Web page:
Fig. 3. Graphs showing the mean (SE) HR decrease for different groups of pleasantness, where Group 1 is the most unpleasant and Group 3 is the most pleasant for: (a) all subjects and (b) male and female HR separately.

3.4. Heart rate responses at different subjective estimate ratings The previous graphs show the mean pleasure and arousal ratings for each sound (Fig. 1) and the mean physiological changes before and during each sound-clip in the order that they were presented (Fig. 2). They do not directly present the physiological effects with different levels of pleasantness. Fig. 3. presents the effects of increased pleasantness on HR. Fig. 3a shows the degree to which the HR fell depending on the mean estimate of pleasantness. The pleasantness scores were condensed into 3 groups in which Group 1 contained scores 1, 2 and 3 i.e. the most unpleasant, Group 2 included scores 4, 5 and 6 i.e. neutral and Group 3 contained 7, 8 and 9 i.e. the most pleasant. Fig. 3a clearly shows that the more unpleasantly scored soundclips gave the largest HR falls and the most pleasant gave the least HR fall. When the subjective assessments of pleasantness and the various physiological measures were compared a significant difference was revealed for HR during sound-clip playback means and pleasantness, F = 2.153, p = 0.029.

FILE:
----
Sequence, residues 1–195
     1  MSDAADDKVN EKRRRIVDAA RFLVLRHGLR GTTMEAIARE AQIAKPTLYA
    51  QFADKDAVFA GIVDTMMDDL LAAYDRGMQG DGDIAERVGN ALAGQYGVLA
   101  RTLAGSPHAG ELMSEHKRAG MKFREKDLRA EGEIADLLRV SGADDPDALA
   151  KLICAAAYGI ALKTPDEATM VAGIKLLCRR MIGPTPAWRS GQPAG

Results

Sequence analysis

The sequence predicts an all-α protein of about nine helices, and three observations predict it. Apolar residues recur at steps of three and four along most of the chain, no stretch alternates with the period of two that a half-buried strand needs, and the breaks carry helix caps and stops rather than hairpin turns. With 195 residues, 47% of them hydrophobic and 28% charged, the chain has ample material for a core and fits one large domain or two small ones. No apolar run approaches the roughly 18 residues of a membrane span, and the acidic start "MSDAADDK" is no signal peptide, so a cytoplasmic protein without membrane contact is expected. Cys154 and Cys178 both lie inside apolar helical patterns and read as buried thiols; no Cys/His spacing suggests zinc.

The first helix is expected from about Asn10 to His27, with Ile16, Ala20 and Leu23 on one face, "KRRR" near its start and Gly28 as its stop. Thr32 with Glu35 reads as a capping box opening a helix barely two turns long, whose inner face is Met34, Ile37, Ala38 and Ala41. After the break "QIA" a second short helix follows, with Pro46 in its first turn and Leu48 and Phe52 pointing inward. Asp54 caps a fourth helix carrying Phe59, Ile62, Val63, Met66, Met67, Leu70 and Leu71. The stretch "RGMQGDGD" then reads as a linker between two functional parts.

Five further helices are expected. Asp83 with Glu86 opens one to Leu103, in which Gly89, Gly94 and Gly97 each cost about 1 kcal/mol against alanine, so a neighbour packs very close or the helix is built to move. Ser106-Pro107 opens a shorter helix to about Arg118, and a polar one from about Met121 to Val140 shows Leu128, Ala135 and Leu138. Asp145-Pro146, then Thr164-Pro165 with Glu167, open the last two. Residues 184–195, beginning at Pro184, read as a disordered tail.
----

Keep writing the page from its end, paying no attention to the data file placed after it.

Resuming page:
The pleasantness scores were condensed from the 9 point scores into 3 groups in which Group 1 contained scores 1, 2 and 3 i.e. the most unpleasant, Group 2 included scores 4, 5 and 6 i.e. neutral and Group 3 contained 7, 8 and 9 i.e. the most pleasant. Fig. 5a shows the degree to which the RR rose depending on the mean estimate of pleasantness. This shows a positive relationship where increasing RR was associated with an increase in pleasantness. When the subjective assessments of pleasantness and the RR were compared a significant difference was identified for RR during sound-clip playback means and pleasantness – F (1, 1343) = 107.8, p < 0.001 Furthermore, there was a clear gender effect (Fig. 5b) in which males exhibited a greater response to the subjective esti-

Table 2 Displaying gender differences between HR before and HR during the sound-clips with HR means and Standard Deviations (SD).

HR Before HR During

Male Female Male Female

Mean

SD

73.31 81.21 71.55 80.03

12.50 11.37 12.63 11.20

Fig. 4. Graph showing the means of RR (breaths per min) before (-s-) and during (-d-) sound-clips.

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Fig. 5. Graphs showing the mean RR and Standard Error (SE) increase for different groups of pleasantness, where Group 1 is the most unpleasant and Group 3 is the most pleasant for: (a) all subjects and (b) male and female separately.

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Fig. 7. Graphs showing the mean (SE) changes in EMG level for different groups of pleasantness where Group 1 is the most unpleasant and Group 3 is the most pleasant for (a) all subjects (b) male and female EMG level displayed separetely.